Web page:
“Tell me who you are," a guy sitting next to me said. It was the kind of place that anyone who wasn’t local needed an answer for.
I was devouring scrambled eggs and hash browns at a counter stool in a dumb diner between two tiny indistinguishable mall towns.
“What brings you to this shithole?” he said.
Even sitting down on a stool he was way too tall and skinny for my tastes.
"Tell you about me? Ok. I shave my legs and my armpits.”
This probably was not the kind of thing he wanted to know.
"As a kid I learned to do triple back-flips out of boredom and to impress myself. As an adult, I went to work for the circus. I perform backflips on the tops of roofs holding dogs," I said.
I should have said, "I like buying balloons and bringing them to kids," which was true, I bought them every other day for my sister and the other kids on her floor, but I hated sounding proud of it and it wasn't helping any of them. None of them were growing, in fact they were wilting no matter how many balloons I brought over or how much helium they had or how special.
"About your circus flips,” he said, 'The ones you do can't possibly equal the flips of this bombshell waitress, here," he winked at the pretty little blond, fuzzy haired chick-like waitress.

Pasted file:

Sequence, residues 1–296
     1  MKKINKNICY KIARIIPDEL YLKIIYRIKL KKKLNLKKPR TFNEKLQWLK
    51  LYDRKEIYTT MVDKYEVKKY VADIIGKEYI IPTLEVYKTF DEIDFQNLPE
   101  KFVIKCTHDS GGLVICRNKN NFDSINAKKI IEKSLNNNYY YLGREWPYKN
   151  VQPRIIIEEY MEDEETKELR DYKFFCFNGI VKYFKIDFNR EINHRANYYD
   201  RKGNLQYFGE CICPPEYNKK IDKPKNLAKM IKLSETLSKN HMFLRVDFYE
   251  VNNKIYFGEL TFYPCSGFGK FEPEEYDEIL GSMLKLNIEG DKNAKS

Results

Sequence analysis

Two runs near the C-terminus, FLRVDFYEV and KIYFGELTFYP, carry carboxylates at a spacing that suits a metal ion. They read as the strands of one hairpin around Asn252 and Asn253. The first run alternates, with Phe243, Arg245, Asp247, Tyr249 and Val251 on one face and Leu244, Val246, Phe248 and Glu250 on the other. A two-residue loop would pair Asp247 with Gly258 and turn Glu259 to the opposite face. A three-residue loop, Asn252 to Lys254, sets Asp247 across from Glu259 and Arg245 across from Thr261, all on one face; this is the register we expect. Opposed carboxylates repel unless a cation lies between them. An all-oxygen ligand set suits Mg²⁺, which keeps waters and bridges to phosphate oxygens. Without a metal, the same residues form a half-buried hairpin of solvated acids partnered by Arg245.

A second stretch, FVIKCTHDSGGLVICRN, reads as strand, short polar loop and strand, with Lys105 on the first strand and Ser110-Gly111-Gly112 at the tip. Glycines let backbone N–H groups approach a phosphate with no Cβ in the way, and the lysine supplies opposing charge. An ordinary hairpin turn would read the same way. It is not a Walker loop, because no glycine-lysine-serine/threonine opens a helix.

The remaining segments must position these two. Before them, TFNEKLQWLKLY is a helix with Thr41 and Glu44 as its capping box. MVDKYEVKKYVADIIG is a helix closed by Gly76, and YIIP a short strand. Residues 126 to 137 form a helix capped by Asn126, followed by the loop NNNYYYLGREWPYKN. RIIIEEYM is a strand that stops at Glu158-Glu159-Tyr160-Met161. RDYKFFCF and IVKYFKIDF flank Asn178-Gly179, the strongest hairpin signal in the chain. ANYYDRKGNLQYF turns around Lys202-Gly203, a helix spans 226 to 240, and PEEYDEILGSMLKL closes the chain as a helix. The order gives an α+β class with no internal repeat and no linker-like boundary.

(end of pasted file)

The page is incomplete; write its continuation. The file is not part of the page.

He said I was fine just as I was, and I should know that I was a goddamned liar. But he had to move his truck. He got up, tall as two, and left the waitress ten-dollar tip tip.
She said, "bye boyo.”
When the door closed she said, “Ain’t comin' back.”
She had huge belt buckles, two of them, was wearing two belts.
"Last time he got so scotched he didn't come back for a few months," she said. “His wife died on Christmas and he hardly gets in here.”
The Children’s hospital smell clung to my fingers. She seemed like the type to need a family. A lot of people grow into that kind of person, looking and looking but at the wrong men, ignoring the right ones entirely.
My little sister was also fuzzy-chick blond, but she would not grow up. And at the end, her hair was gone. I ordered a piece of pie and the waitress laughed because it was so unusual, pie in the morning.
“Celebrating anything?” she said. I couldn’t stop thinking how much balloons were a waste of time. How much money did people spend on balloons anyway?
She sat down next to me and said, “Hey, that asshole warmed up this stool with his bitty, tiny ass.”
She offered me a cigarette and I took one. I was ready to get addicted, hooked and lung-charred. I sucked in hard. She asked if she could help me find a place to stay. “How long you been on the highway?” she asked.
I hadn’t known how far I had driven from the city, from my sister’s empty room, from the look of so many dumbass balloons just hanging around there.